In your business career, have you encountered what you would call a true “creative genius”? Yes, twice I’ve encountered people who I believe were, or are, honest-to-goodness creative geniuses. One was George Lucas,the other Francis Ford Coppola. George is the one I worked closest with. When he came to my office, I didn’t know who he was — even though he’d just completed Star Wars — so I had to get a copy of Time magazine and read up on him; he was on the cover. Anyway, right away he impressed me as a good businessman, which most entertainers are not. He had an idea for a multitude of interrelated companies, which he envisioned achieving a lot of different things. I thought he’d been smoking some pretty powerful stuff and took notes as he read from his notes.
That was 35 years ago, and I wish I still had my notes because, almost unerringly, he has stuck with that initial plan. He is one of the best business people I’ve ever had the good fortune to work with—as well as one of the nicest guys you could ever meet. He’s fiercely loyal; we’ve been friends for many years.
Where do you think America, as a nation, is today? I am desperately unhappy with my nation. I love our country and its people—many of whom have tried as best they can to change the course of events we now see occurring. But I’m truly bewildered as to why people in national elections consistently vote against their own best interests. The Republican Party has persuaded people that they are the ones people should vote for if they’re socioeconomically lower class or blue collar—and that they will take care of these people which, of course, they don’t. My father once told me, “The average man is far below average,” and I’m now afraid he was right. If our falling from grace as a nation and the growing separation between the very wealthy and the many who are losing economic ground doesn’t make a difference, then what will? Have we all gone brain-dead? I’m beside myself. How will we ever wake up?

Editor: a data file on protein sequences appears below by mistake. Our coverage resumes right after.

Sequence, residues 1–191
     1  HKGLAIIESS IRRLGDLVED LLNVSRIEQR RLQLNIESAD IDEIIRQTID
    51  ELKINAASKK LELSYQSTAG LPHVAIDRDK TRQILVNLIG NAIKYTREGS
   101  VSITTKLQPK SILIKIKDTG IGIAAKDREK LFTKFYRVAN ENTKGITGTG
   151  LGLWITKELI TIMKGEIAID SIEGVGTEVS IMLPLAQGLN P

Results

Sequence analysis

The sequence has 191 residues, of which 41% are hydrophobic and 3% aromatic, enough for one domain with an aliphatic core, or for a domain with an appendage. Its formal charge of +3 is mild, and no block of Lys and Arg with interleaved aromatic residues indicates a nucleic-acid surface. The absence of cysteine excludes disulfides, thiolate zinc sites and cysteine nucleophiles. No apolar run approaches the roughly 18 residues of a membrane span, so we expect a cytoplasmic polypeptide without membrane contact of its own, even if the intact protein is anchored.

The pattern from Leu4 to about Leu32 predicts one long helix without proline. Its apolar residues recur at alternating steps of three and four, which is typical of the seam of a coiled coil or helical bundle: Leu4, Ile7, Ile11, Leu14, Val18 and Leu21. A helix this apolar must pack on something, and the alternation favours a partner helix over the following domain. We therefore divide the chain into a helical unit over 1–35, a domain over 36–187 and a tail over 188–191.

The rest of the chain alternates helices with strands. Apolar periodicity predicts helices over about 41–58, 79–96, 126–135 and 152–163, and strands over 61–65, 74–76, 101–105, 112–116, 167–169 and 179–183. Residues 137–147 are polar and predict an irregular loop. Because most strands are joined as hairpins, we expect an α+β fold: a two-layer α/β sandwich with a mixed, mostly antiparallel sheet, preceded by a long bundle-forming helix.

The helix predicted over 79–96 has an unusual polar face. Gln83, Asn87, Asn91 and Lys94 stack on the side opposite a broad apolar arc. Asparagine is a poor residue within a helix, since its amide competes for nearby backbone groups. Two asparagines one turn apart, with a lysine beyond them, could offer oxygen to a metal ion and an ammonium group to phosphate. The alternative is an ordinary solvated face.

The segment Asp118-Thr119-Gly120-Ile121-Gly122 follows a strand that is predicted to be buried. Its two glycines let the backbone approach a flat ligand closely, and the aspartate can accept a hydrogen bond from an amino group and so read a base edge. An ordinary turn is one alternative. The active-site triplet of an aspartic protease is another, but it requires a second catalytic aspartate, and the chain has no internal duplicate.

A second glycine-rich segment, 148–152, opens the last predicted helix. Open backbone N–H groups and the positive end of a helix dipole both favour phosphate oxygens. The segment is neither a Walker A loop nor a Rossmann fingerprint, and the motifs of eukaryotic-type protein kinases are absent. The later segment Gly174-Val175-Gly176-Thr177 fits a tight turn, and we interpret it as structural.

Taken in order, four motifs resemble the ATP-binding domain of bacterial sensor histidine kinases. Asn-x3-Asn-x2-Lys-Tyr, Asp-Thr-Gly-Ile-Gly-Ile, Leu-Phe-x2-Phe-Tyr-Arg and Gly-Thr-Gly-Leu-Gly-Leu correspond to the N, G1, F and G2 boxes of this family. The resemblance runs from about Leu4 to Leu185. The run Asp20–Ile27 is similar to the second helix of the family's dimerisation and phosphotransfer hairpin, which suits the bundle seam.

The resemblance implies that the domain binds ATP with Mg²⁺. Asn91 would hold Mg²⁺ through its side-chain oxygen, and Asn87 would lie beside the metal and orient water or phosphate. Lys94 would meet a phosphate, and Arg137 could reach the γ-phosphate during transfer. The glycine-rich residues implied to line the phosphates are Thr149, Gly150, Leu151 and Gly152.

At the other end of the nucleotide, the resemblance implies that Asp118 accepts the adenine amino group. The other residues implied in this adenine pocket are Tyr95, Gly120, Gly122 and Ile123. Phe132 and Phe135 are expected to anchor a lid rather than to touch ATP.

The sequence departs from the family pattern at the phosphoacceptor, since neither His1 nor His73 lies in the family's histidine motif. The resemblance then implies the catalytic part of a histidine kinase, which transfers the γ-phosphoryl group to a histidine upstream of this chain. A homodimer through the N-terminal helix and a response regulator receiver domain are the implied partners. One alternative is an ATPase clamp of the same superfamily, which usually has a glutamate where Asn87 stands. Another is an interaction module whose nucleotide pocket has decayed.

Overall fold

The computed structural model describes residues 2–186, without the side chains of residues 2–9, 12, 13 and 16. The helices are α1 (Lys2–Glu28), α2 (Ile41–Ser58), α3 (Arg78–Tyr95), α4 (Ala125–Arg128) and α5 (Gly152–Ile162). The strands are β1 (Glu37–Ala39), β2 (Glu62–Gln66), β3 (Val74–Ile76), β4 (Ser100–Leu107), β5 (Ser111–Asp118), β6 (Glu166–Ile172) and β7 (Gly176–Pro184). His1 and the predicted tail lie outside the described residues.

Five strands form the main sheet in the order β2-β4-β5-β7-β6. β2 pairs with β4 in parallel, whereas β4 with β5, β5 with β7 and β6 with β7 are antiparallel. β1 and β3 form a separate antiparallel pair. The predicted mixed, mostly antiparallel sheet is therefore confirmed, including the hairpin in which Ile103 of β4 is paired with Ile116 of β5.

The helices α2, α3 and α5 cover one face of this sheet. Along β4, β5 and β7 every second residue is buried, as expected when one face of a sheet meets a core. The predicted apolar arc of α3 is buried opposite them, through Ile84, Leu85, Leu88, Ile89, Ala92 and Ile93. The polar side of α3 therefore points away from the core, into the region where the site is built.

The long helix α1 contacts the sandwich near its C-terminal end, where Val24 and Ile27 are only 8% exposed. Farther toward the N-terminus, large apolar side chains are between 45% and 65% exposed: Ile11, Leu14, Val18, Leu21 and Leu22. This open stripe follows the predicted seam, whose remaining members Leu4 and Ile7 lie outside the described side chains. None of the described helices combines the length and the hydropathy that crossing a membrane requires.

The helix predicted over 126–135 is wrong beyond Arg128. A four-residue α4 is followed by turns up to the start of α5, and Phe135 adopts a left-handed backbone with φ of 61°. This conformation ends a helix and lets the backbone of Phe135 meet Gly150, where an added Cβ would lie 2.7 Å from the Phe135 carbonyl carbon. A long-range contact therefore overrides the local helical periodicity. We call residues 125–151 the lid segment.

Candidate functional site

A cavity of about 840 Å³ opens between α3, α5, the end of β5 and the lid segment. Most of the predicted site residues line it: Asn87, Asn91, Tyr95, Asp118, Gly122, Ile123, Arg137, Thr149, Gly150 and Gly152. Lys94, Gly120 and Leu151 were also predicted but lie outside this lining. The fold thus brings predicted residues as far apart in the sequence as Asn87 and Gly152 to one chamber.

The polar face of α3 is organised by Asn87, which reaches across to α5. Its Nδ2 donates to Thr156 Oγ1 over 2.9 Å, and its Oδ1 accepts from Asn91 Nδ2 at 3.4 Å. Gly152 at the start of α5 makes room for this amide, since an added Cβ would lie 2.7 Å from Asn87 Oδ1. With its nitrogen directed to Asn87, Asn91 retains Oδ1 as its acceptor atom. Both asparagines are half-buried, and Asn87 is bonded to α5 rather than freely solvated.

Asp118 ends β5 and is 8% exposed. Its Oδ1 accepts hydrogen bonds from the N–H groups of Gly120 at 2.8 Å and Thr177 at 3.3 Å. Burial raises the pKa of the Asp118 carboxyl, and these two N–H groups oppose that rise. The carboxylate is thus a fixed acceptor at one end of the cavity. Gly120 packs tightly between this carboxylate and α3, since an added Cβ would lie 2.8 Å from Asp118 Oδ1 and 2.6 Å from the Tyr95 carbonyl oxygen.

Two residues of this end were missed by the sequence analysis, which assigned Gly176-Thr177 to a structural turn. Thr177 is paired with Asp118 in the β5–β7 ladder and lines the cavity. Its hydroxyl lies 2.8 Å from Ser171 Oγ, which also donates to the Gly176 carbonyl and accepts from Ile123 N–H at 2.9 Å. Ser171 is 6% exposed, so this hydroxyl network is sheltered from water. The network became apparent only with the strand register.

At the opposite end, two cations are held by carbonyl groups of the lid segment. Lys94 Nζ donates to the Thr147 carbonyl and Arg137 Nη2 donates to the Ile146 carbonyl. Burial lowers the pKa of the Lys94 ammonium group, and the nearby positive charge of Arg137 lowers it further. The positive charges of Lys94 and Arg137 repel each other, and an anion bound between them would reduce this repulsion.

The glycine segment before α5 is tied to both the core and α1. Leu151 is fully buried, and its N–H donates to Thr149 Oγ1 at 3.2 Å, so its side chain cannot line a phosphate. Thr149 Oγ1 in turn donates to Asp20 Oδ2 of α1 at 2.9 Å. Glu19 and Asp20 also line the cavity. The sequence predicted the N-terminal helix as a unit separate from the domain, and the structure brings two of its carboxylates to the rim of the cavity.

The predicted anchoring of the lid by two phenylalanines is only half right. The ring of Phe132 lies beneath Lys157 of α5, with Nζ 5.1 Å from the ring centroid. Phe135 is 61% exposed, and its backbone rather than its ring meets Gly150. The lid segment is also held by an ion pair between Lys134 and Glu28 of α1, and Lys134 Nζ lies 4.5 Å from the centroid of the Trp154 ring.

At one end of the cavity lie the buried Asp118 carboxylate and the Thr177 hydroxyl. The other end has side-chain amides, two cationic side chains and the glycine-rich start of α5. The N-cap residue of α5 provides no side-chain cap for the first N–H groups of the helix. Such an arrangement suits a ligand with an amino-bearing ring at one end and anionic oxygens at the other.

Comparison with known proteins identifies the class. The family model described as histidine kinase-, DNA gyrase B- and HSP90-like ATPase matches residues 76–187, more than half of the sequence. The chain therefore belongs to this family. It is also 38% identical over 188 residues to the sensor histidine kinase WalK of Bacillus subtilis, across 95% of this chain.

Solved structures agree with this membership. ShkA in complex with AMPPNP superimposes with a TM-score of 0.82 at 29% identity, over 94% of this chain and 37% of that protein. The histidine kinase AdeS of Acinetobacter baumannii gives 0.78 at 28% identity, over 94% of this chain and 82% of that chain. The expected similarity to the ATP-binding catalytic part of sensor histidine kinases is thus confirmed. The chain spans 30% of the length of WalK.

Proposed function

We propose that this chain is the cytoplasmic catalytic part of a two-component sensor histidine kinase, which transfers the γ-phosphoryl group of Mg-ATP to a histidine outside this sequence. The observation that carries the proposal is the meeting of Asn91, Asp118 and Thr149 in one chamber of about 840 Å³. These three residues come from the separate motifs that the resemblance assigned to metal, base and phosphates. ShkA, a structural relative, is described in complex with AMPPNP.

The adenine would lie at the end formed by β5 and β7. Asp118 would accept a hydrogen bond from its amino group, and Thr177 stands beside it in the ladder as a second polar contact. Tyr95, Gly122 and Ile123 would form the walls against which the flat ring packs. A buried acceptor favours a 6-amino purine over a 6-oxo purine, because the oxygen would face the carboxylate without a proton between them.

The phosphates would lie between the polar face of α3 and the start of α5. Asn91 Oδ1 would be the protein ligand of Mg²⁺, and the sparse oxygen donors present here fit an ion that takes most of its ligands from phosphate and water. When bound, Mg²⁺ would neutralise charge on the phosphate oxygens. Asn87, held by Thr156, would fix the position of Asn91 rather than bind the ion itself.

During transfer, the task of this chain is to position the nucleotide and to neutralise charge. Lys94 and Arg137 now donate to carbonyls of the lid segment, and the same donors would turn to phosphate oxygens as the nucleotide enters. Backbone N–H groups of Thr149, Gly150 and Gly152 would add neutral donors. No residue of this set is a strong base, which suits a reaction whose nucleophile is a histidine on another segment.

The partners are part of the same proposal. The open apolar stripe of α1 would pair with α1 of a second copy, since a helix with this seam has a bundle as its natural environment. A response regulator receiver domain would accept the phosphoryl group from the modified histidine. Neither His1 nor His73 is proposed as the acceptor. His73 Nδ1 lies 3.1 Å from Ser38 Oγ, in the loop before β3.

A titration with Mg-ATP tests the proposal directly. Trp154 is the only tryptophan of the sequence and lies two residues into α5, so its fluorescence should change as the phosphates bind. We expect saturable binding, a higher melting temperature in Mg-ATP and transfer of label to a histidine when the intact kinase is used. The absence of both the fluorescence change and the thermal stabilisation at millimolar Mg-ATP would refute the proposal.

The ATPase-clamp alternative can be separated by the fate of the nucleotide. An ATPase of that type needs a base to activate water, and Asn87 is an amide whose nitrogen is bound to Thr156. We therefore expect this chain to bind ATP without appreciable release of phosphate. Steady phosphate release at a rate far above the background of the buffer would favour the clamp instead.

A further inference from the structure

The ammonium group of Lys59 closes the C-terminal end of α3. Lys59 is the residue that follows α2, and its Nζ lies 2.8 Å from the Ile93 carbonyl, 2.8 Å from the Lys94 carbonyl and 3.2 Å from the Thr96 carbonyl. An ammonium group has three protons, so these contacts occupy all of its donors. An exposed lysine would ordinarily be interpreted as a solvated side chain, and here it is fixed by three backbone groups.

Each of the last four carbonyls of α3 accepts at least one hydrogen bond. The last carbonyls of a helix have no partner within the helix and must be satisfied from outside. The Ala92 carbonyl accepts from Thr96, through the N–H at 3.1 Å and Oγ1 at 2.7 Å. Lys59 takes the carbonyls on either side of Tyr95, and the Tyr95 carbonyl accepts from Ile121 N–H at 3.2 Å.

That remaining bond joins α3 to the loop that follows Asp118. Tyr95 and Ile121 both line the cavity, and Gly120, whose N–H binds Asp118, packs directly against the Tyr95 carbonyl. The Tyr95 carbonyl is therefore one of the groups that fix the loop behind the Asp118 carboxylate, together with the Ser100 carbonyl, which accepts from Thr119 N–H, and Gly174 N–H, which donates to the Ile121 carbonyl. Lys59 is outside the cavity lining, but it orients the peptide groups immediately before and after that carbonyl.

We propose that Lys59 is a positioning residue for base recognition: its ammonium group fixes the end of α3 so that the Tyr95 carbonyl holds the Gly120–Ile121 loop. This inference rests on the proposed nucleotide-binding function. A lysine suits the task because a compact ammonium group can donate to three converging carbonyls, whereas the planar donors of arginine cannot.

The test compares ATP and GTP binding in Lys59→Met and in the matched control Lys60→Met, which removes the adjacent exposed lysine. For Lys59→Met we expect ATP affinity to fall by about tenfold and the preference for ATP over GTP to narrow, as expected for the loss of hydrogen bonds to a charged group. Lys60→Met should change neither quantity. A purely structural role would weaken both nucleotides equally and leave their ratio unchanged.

As for Iraq, I saw that coming. I wanted to go around grabbing lapels and shouting, “Do you know the history of the Middle East? And their delicate balance of power? Once we get in, we’ll never get out.” We as a nation, all of us, have been so brought up by political spin we’re now like Charlie Brown and the football game: “Well, maybe this time we’ll win.” Only our delusion is, Maybe this time they’ll be telling the truth. I’m for getting out of Iraq as soon as is responsible. But do I have a plan? I’m afraid I don’t.
Your father, a Bohemian Grove–attending attorney, sounds like a rock-ribbed Republican. You come across as a strong Democrat. What’s going on here? A very interesting gentleman once asked where I got my liberalism, because my father was indeed a staunch Republican, as all my family was. I told him I got it at a folk music concert I attended when I was 17 years old. That’s when I heard Pete Seeger sing about people and things I’d never heard of. Pete did an excellent job of converting me on the spot. And my liberalism has remained all these years… and served me well.